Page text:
Knicks' Julius Randle Says He's Not Getting Calls Because He's Too Strong

Joseph Zucker@@JosephZuckerFeatured Columnist IVDecember 1, 2021

New York Knicks forward Julius Randle (30) talks referee during the first half of an NBA basketball game against the Atlanta Hawks Saturday, Nov. 27, 2021, in Atlanta. (AP Photo/Hakim Wright Sr.)
AP Photo/Hakim Wright Sr.

Julius Randle is apparently too strong for his own good.

Following his team's 112-110 loss to the Brooklyn Nets on Tuesday, the New York Knicks star said he was told he didn't draw more fouls in part because of his ability to play through contact:

Knicks Videos @sny_knicks

Julius Randle said he got this explanation from a referee tonight for missed calls on fouls and it "pisses [him] off even more"<br><br>"They said because certain contact doesn't affect me, like it affects other players because I'm stronger, they miss the calls" <a href="https://t.co/uwgqHP0pBQ">pic.twitter.com/uwgqHP0pBQ</a>

Randle attempted two free throws, making both, in the defeat. That's a somewhat low number considering he took seven shots within two feet of the basket, per NBA.com.


Jules. Will. Not. Be. Denied. <a href="https://t.co/FjP35Wf2Wi">pic.twitter.com/FjP35Wf2Wi</a>

The 6'8", 250-pound forward's complaint isn't all that common for players who either match his physical profile or demonstrate a similar ability to be undisturbed as they attack the basket.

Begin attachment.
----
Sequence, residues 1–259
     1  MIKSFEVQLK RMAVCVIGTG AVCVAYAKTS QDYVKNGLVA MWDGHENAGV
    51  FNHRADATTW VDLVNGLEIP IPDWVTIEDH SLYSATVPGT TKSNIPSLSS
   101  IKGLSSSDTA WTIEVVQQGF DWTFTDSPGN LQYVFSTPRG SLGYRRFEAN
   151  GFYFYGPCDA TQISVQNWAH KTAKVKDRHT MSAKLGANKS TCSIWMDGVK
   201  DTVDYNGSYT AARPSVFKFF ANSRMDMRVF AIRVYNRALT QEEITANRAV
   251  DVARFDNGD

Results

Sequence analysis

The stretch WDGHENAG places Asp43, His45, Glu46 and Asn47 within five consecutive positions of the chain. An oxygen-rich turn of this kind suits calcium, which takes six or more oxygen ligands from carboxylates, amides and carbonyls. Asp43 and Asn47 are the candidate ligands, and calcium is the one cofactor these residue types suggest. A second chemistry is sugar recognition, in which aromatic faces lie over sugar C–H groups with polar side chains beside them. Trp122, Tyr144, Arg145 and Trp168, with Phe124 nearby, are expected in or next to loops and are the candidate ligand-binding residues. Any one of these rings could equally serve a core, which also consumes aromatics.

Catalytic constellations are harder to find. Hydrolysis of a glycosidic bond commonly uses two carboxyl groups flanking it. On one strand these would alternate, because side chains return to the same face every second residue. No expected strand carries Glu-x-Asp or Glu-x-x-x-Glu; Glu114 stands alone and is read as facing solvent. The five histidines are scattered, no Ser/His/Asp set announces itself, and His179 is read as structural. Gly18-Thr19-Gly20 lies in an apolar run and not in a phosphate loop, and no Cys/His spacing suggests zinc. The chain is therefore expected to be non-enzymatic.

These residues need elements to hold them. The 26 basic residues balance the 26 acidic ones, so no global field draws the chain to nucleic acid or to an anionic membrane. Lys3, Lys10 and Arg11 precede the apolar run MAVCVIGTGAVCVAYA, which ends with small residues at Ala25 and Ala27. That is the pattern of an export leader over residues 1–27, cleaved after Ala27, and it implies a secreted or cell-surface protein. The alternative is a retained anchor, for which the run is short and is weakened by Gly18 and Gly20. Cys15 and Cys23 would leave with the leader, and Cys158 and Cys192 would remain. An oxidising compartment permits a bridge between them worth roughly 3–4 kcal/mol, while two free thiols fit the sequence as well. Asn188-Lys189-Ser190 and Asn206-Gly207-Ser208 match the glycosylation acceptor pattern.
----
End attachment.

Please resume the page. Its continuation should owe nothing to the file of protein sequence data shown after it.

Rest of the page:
Los Angeles Lakers star LeBron James said in February 2018 the game was "at a point now where we protect the shooter more than the driver." New Orleans Pelicans executive David Griffin drew a $50,000 fine when he complained in May that Pelicans star Zion Williamson "has absolutely been mauled in the paint on a regular basis" without drawing an appropriate number of fouls.

To some extent, one can see the referee's perspective because it's easier to blow the whistle when it's obviously clear a player has his shot altered inside or path to the basket impeded. Randle, for example, got a call when he was bumped by Nets star Kevin Durant in the second quarter.


GROWN MAN MOVE.<br><br>πŸ’ͺ🏿 <a href="https://twitter.com/J30_RANDLE?ref_src=twsrc%5Etfw">@J30_RANDLE</a> <a href="https://t.co/lj6LBzGRCw">pic.twitter.com/lj6LBzGRCw</a>

And when a player is bigger and stronger than his opponent, detecting the contact can be a little trickier if he ultimately gets the bucket anyway.

But Randle's frustration is understandable because a foul is a foul regardless of the outcome and any physical disparity between the offender and the victim. The Knicks forward shouldn't, in effect, be penalized.

As is often the case when a player or coach criticizes the referees from given game, Randle may have been laying down a marker for how he wants to be officiated going forward.